A start-up research company has created a mouse embryo from stem cells, without using an egg, sperm or womb. The company hopes to build on their ground-breaking achievement in the hopes of eventually applying it to human stem cells.
If the plan works, the human stem cells would grow into embryos that could be nurtured in a beaker. With the mouse cells, they were able to obtain a 95% similarity “in both the shape of internal structures and the gene expression patterns of different cell types,” the researchers said.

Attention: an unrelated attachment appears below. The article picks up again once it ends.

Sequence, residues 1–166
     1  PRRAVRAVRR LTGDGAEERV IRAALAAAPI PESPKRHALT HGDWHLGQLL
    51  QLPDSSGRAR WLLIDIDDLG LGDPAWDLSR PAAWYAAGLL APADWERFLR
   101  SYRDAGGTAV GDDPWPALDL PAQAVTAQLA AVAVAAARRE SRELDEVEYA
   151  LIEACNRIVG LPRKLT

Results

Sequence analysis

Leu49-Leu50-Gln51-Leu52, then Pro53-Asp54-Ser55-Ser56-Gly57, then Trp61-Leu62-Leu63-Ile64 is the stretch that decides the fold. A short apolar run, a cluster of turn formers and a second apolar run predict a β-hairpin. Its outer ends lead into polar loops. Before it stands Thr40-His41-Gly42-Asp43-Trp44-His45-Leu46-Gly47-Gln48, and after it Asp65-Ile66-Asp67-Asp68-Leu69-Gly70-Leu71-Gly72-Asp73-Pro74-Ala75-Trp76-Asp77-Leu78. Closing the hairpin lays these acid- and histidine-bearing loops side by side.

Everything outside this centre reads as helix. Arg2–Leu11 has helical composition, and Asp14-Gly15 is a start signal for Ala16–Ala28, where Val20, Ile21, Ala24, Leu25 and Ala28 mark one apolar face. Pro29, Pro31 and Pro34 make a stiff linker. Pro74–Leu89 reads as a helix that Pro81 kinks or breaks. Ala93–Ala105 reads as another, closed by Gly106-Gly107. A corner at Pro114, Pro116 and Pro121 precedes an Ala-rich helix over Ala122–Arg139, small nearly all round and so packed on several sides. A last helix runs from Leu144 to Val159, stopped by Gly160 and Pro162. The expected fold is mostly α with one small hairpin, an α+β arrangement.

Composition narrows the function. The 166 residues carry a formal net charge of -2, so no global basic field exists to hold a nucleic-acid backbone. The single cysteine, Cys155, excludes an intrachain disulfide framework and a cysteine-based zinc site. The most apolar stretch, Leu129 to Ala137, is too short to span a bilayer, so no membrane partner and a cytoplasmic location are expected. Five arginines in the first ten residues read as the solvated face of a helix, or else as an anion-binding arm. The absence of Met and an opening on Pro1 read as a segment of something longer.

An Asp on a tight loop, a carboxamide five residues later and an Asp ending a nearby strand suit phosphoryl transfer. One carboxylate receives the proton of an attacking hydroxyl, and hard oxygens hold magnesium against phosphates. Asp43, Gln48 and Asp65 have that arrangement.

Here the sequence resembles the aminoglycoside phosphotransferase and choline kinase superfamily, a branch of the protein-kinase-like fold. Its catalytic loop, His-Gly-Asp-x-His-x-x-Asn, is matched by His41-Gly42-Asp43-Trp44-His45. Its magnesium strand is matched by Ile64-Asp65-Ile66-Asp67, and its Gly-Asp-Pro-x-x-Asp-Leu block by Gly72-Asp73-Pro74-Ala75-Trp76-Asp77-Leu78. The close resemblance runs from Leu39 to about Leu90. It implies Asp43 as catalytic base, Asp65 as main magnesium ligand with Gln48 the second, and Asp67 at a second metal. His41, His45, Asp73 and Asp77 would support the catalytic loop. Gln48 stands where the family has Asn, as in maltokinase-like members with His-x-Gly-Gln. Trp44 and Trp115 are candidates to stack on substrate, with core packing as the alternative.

The goal is to possibly grow new body parts from the embryos for implantation in humans: “Instead of developing a different protocol for growing each cell type — for example, those of the kidney or liver — we may one day be able to create a synthetic embryo-like model and then isolate the cells we need. We won’t need to dictate to the emerging organs how they must develop. The embryo itself does this best.”